As veteran union organizer Stephen Lerner succinctly puts it, “Unions have been significantly hobbled by the legal regime, and a lack of imagination to challenge it.” I have advocated that unions should pursue an agenda of judicial activism. These recent NLRB actions prove that the time is ripe to challenge the rules of the system that keep unions shackled. I’ve spent most of my career complaining about how slow and ineffective the NLRB is, as have most union organizers. That bias should not blind us to the opportunity of the moment.
Grandma’s pot roast
After eight years of a Democratic administration, and—with the implosion of Trump’s GOP—the reasonable expectation of at least another eight years, we finally have a labor board that will no longer shrug and sigh that it “is what it is” when it comes to the unfair rules of the system.
But are union leaders and staff bold enough to reject the “is what it is” mentality? There’s an analogy that makes the rounds in Cornell University’s labor extension programs. It involves a man sharing his grandma’s pot roast recipe with a friend. The first step of the recipe calls for cutting the ends off the raw rump, which prompts the friend to ask, “Really? Does that, like, make the roast more tender … or what?”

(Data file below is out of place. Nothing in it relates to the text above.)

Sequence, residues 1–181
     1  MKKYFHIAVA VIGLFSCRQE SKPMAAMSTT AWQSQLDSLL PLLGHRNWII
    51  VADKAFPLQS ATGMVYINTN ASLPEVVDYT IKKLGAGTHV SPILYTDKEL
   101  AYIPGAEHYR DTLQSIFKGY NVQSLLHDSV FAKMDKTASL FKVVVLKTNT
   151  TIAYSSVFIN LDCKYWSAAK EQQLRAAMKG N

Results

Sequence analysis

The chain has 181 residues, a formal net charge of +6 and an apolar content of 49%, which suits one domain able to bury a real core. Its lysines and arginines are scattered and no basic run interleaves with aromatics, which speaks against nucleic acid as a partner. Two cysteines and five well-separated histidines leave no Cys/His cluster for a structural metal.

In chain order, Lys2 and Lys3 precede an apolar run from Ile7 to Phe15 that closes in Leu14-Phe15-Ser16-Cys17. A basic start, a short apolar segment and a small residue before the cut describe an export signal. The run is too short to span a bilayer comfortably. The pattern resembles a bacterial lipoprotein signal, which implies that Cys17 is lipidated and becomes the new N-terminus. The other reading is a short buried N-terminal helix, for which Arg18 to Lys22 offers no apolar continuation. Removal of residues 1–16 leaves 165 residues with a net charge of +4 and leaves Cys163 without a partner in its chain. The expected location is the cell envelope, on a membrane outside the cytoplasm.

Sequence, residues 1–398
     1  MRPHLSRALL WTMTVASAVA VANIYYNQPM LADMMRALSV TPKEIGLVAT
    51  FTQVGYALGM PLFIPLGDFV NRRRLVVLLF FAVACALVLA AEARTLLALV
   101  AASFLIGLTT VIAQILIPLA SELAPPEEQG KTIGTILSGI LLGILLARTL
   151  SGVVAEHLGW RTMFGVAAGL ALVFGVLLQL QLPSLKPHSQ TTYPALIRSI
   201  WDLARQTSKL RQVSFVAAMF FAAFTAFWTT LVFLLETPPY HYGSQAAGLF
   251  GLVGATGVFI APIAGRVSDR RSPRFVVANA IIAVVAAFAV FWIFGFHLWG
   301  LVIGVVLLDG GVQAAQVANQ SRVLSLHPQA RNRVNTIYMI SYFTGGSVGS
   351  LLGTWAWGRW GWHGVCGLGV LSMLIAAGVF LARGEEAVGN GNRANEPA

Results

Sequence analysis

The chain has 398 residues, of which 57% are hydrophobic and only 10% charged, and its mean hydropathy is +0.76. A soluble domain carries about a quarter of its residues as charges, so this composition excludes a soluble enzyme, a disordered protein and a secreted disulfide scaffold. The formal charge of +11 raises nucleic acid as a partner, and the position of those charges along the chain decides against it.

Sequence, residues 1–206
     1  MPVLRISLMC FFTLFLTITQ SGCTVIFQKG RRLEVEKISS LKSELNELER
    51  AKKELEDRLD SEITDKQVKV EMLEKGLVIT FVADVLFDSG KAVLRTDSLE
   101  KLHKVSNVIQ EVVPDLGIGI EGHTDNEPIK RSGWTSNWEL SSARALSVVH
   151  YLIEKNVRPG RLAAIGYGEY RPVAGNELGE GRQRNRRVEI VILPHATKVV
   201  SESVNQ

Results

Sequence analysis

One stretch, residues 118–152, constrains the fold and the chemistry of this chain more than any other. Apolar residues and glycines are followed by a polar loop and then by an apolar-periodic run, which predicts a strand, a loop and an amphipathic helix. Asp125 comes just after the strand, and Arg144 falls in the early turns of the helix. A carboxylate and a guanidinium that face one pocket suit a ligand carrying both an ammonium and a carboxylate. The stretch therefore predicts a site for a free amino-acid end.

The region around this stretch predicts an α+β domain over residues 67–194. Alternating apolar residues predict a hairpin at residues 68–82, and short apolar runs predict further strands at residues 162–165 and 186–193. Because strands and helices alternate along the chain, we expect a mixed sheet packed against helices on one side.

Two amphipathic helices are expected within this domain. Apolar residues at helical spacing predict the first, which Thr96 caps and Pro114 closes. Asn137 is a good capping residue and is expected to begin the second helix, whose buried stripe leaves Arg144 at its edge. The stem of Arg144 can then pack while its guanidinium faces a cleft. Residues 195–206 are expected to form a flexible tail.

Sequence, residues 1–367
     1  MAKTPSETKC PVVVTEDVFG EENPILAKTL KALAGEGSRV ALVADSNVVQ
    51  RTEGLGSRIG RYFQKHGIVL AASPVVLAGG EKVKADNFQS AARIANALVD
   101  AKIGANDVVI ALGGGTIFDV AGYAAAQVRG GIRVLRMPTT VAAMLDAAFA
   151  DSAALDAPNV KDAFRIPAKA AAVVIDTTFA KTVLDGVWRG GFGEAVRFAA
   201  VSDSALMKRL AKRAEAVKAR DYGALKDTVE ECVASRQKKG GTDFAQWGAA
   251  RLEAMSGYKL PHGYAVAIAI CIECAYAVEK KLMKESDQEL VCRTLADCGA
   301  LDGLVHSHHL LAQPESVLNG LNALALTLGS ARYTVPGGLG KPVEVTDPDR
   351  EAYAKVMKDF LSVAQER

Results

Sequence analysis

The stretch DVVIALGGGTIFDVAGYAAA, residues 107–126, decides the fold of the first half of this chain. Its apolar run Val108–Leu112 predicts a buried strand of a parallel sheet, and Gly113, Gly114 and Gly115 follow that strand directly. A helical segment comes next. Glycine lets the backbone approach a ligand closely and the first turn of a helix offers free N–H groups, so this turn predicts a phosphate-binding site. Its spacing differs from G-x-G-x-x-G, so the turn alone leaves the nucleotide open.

The man sharing the recipe, who had never questioned why it called for the ends to be cut off, calls around to his parents, siblings and aunts and uncles to find out why grandma’s recipe does so. Finally, he gets his grandma on the phone and she says, “Oh, that’s because the grocer only sold rump roasts that were too big for our roast pan.”